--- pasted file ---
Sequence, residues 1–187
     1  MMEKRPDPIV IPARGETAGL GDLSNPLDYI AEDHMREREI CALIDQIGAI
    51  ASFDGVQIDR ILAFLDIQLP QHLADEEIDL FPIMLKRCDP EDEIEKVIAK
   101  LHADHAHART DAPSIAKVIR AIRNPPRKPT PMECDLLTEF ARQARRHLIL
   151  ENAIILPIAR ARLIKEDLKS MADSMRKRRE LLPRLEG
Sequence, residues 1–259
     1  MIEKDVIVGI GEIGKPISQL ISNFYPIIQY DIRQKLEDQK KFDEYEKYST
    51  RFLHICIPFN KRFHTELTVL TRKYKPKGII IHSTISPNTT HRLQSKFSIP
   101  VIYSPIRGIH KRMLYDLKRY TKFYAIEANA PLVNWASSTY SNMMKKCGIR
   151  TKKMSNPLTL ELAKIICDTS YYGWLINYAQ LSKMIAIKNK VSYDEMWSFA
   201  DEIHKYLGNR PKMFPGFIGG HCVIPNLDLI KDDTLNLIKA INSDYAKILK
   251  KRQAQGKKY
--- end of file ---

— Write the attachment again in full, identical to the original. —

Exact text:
Sequence, residues 1–187
     1  MMEKRPDPIV IPARGETAGL GDLSNPLDYI AEDHMREREI CALIDQIGAI
    51  ASFDGVQIDR ILAFLDIQLP QHLADEEIDL FPIMLKRCDP EDEIEKVIAK
   101  LHADHAHART DAPSIAKVIR AIRNPPRKPT PMECDLLTEF ARQARRHLIL
   151  ENAIILPIAR ARLIKEDLKS MADSMRKRRE LLPRLEG
Sequence, residues 1–259
     1  MIEKDVIVGI GEIGKPISQL ISNFYPIIQY DIRQKLEDQK KFDEYEKYST
    51  RFLHICIPFN KRFHTELTVL TRKYKPKGII IHSTISPNTT HRLQSKFSIP
   101  VIYSPIRGIH KRMLYDLKRY TKFYAIEANA PLVNWASSTY SNMMKKCGIR
   151  TKKMSNPLTL ELAKIICDTS YYGWLINYAQ LSKMIAIKNK VSYDEMWSFA
   201  DEIHKYLGNR PKMFPGFIGG HCVIPNLDLI KDDTLNLIKA INSDYAKILK
   251  KRQAQGKKY